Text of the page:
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Probate disputes? How a mediator can bring the family together

There is always a competition over scarce resources: two slices of bread, one portion of jam

April 2, 2014 | By:

Where there’s a will, there’s an argument. But, says mediator Sue Nelson, lawyers’ letters and emotional upheaval can be avoided if you seek mediation 

Probate-family dispute-funeral-620 Corbis

Sue Nelson

Sue Nelson

I have a love-hate relationship with probate issues. For example, I love what they have produced in terms of English literature.

Victorian novels would be thin fare had families not suffered inheritance unhappiness. Would Mrs Bennett have been so bothered about marrying off her daughters had it not been for the ‘entailing problem’ with the Bennetts’ home?

And where would Jane Eyre have ended up had she not been the lost beneficiary of her uncle’s estates in the West Indies?

I even have a fondness for our quirky British rules that have produced a land of rolling estates. Better that than a country carved up into strips, the French way, to make sure everyone has their share.

So that’s the love. But the hate burns deep.

My own family’s dispute

I am the solicitor whose mother died with an invalid, home-made will. Worse still, the shock of her sudden death was exacerbated by the surprise revelation that my two siblings and I had two half-brothers. I am not sure the functional family exists, but right then we certainly weren’t functional.

We three did our best. We were probably somewhat inadequately served by our solicitor and certainly unprepared for the psychological complexity of managing disappointments and differences.

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Sadly, just as in Jarndyce and Jarndyce – the draining legal case at the heart of Dickens’ Bleak House – our cause became “so complicated that no man alive knows what it means”.

Certainly, no one else alive can know what it meant to me that we managed the process so poorly. The division within the family still ripples through our lives, 20 years later.

Our complexity arose not from multiple claimants or unascertainable assets but from the people involved. Our relationships were complicated by the stages we were at in our lives. And each of us was deeply affected, but differently, by our loss.

These days, we are more familiar with heir hunters on TV, and (celebrity) ancestor-tracers. But away from those media grabbing activities, there can be a cruelty of dealing with relatives who do not engage, except perhaps to collect their ‘share’.

There is no knowing how the whole situation affected our half-brothers, who never emerged from behind their solicitors’ letters. And it remains a great regret of mine that we were never able as a family to agree on the appointment of a mediator to help us sort out our differences compassionately.

I would have settled for a sensible unconnected family member or friend but no one came forward.

Mediation vs litigation

Now. 20 years have passed and, among other things, I work as a family mediator. Much of my work is with couples, who arrive distressed, disappointed, angry, sometimes bitter and full of a desire for revenge.

And truly some of these couples leave a few months later with their affairs re-ordered, having come through a process in which they have been able to have their say, be heard and make their own decisions.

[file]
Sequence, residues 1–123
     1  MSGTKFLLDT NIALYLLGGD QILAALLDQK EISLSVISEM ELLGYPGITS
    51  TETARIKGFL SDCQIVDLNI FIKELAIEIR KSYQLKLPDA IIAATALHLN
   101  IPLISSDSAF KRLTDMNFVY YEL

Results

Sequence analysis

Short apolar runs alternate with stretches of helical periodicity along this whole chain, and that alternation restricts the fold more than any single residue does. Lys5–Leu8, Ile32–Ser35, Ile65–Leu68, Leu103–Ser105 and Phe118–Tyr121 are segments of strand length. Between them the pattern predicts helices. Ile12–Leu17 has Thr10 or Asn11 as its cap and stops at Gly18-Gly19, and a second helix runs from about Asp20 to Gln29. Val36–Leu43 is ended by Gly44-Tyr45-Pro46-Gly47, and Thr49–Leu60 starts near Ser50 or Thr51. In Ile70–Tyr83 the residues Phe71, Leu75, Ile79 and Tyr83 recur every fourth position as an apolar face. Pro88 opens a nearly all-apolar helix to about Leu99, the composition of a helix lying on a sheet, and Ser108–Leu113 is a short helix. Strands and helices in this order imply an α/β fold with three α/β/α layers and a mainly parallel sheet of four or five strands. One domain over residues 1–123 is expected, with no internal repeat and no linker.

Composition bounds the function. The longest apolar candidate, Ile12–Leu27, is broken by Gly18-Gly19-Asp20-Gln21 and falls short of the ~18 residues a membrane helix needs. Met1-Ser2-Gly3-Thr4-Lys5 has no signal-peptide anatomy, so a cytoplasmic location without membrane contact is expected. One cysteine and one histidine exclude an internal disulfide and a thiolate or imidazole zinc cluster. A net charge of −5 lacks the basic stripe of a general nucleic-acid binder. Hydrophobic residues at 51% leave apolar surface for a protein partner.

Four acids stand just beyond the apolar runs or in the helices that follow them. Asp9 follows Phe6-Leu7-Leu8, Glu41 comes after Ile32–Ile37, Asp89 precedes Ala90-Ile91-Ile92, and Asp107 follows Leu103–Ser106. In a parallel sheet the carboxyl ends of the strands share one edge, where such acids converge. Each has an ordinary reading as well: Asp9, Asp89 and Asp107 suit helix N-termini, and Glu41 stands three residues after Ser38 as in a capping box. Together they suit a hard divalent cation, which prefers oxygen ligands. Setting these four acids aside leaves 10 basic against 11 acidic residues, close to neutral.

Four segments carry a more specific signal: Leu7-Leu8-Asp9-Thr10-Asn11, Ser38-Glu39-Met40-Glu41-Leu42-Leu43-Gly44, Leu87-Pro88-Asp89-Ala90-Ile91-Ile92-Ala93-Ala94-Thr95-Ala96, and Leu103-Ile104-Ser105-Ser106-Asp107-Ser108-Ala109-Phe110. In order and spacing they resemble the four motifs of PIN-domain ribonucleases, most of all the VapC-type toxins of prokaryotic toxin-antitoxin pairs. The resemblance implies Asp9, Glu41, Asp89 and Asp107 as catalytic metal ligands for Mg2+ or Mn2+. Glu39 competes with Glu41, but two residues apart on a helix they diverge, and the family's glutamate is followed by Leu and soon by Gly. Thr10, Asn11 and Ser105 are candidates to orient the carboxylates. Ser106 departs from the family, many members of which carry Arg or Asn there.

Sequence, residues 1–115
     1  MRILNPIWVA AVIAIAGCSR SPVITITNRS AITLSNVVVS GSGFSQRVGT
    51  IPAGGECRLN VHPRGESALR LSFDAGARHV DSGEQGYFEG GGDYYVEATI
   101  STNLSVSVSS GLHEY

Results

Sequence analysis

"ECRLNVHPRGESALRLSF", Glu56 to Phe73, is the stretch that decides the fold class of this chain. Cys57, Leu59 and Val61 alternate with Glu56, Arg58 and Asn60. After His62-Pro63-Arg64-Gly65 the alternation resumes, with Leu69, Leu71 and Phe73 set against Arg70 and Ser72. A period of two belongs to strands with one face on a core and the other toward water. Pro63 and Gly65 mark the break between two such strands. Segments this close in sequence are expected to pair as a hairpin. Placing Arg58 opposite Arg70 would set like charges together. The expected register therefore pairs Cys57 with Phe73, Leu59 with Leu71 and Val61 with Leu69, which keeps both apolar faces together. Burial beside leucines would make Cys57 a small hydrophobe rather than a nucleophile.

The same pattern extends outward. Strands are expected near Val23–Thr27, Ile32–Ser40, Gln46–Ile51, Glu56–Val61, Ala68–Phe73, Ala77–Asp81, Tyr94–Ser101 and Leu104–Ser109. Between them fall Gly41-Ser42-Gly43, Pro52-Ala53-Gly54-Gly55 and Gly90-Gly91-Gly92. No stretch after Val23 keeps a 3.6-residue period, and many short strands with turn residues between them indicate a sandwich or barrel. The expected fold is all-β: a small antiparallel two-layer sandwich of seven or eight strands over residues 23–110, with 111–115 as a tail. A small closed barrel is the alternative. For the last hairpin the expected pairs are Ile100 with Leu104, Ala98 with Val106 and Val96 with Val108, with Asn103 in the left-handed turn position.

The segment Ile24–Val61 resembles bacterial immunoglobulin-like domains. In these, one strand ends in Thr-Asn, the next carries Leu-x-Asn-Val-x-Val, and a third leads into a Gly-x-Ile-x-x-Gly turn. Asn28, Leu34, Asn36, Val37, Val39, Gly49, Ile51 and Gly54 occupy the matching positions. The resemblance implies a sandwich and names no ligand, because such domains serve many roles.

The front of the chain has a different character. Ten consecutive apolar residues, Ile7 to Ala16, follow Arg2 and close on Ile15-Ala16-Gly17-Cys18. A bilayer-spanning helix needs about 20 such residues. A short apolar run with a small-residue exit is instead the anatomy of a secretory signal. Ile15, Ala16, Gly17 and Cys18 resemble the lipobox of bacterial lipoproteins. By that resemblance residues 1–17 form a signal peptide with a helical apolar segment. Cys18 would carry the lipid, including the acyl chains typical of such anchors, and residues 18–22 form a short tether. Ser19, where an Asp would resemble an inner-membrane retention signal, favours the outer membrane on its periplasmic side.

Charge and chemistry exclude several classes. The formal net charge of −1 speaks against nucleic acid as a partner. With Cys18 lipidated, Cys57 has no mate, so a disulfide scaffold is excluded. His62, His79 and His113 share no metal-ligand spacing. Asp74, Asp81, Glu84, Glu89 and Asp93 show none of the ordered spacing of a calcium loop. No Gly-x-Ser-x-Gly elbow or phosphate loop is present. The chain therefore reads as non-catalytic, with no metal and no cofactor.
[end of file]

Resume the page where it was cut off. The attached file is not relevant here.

Step by step, mediators move the process along, unblocking impasses, consolidating agreements and recording outcomes.

This does not remove the sadness and disappointment, but nor should it add to those emotions. Some clients really do say ‘sorry’, while others feel able to share both their sadness and their wishes for a better tomorrow once separated.

Many cases involve complex assets as well as differing needs. Cash now or pension later? Who is going to be responsible for the debts? Increasingly, my work involves helping people plan for the future.

“Keep your eyes on the distant horizon,” I say to dads who are not seeing their children. “One day this will change.”

In divorce and separation work there is always a competition over scarce resources: two slices of bread, one portion of jam. Planning the future helps clients to transit from a broken relationship to a new life.

And so it is with families who struggle to come to terms with a division of property following death. As more people have wealth to leave because they own their homes, so family members increasingly have the crushing feelings of disappointment to deal with on top of their bereavement.

Why has Peter got more than me? Why do I get nothing? Why does Mary deserve this money?

The mix can become even more toxic when combined with a sprinkling of sibling rivalry or historic ill will. Throw in a family business or bad estate planning, and relationships can be traumatised.

In such circumstances, mediation is not a ‘cure all’, but it can often offer more of a cure than litigation does. 

Misery cannot just “be burnt away”, as Dickens understood. It must be dealt with or it festers.

If you know people who are starting to fall out over probate, consider whether a meeting with a trained and experienced mediator might offer long-term benefits for all concerned.

Once disputing parties can get round a table, with a trained professional who is able to provide a safe and impartial environment, the alchemy of mediation gets to work. Early mediation offers an opportunity to avoid the courts, helping a family to re-focus itself and write a better story for everyone’s future.

Sue is an experienced lawyer, qualified both as a barrister and a solicitor, who now works as a mediator specialising in resolving relationship and financial disputes among couples and families. She works throughout the UK, with colleagues who share her passion for transforming relationships. She can be contacted through Berkeley Square Mediation